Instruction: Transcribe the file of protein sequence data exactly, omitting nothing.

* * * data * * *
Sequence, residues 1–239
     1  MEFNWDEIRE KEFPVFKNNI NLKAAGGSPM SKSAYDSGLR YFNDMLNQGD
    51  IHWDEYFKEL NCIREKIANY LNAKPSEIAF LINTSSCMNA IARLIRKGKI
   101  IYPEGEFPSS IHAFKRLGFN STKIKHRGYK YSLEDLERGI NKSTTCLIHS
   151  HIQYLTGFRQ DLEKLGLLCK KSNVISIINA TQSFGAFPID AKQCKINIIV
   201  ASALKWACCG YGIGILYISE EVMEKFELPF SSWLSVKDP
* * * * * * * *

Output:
Sequence, residues 1–239
     1  MEFNWDEIRE KEFPVFKNNI NLKAAGGSPM SKSAYDSGLR YFNDMLNQGD
    51  IHWDEYFKEL NCIREKIANY LNAKPSEIAF LINTSSCMNA IARLIRKGKI
   101  IYPEGEFPSS IHAFKRLGFN STKIKHRGYK YSLEDLERGI NKSTTCLIHS
   151  HIQYLTGFRQ DLEKLGLLCK KSNVISIINA TQSFGAFPID AKQCKINIIV
   201  ASALKWACCG YGIGILYISE EVMEKFELPF SSWLSVKDP